The truest way to show your love for New Orleans? To leave it for the day.
Whether you’re fleeing from the brutally hot and humid weather, seeking an outdoorsy adventure or simply looking for a respite from the Big Easy’s riot of colors and sounds, here are a few of the best ideas for easy day trips from New Orleans.
1. Explore the swamps of Barataria Preserve
Travel time: 40 minutes by car
One of our favorite ways to experience south Louisiana’s rich wetlands is a visit to Barataria Preserve, a national park located about 25 miles south of New Orleans. Easy dirt trails and boardwalks thread through the swamps here, and you may be able to spot local alligators (although wildlife sightings are often hindered by prolific invasive water flora). On your way back to New Orleans, make sure to pop into the superlatively good Tan Dinh for some excellent Vietnamese food.
How to get to Barataria Preserve from New Orleans: Take US-90 and cross the Crescent City Connection Bridge over the Mississippi to the New Orleans Westbank. From US-90, take exit 4B to access Barataria Blvd, which leads to the preserve.
2. Encounter the sobering history of slavery at the Whitney Plantation
Travel time: 1 hour by car
A cluster of restored antebellum mansions sits roughly 50 miles west of New Orleans, with the Whitney Plantation being the most interesting of the bunch to visit. While most plantation sites now at least pay lip service to the history of slavery, the Whitney is a museum dedicated to confronting and unpacking the grim institution head-on. Through a series of thoughtful exhibits, the Whitney demonstrates how the South did not just benefit from but was built upon chattel slavery.
How to get to the Whitney Plantation from New Orleans: Take I-10 west for about 40 miles, then detour south on LA-641 for another 10 miles.
3. Feel the beach vibes of Mississippi’s Gulf Coast
Travel time: 1 hour 30 minutes to Gulfport by car
Despite being completely tied to the water, there’s no real beach access in New Orleans, barring a few stretches of not very friendly sand on Lake Pontchartrain. While the beaches of Gulf Shores and Dauphin Island, Alabama, are pretty lovely, they’re also a fair distance away. Consider instead the decent sand, friendly restaurants and generally laid-back seashore vibe at Mississippi Gulf Coast towns like Bay St Louis and Gulfport. While this area can get inundated with day trippers on hot weekends, a relatively quiet escape beckons during the week.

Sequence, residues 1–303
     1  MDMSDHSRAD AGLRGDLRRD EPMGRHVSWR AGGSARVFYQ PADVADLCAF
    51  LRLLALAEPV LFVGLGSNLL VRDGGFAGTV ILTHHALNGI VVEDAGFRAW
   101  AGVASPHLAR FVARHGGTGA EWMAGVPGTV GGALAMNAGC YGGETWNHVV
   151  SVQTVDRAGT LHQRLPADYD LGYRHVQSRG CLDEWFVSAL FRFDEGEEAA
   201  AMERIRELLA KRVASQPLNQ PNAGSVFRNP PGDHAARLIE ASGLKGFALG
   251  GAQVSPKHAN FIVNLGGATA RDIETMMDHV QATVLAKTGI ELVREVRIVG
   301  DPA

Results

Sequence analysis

How to get to Mississippi Gulf Coast from New Orleans: Heading east on I-10 will take you along the entire Mississippi coast to the Alabama state line.
4. Get all Cajun in Lafayette
Travel time: 2 hours 30 minutes by car
As fabled a destination as New Orleans itself, Cajun Country is a land of low prairies, deep swamps, good music and delicious meals that you will probably not want to let your cardiologist know about. “Acadiana,” as the area is known, consists of many small towns scattered around southwest Louisiana. The capital of the region is Lafayette, a small, friendly city located 140 miles west of New Orleans that’s packed with great food and excellent live music venues. Don’t leave without stopping in for a night of dancing at the Blue Moon.
How to get to Lafayette from New Orleans: Take I-10 west. Part of the route goes through the preserved Atchafalaya Basin, one of the state’s remaining wild wetlands.
5. See small-town Louisiana in St Francisville
Travel time: 2 hours by car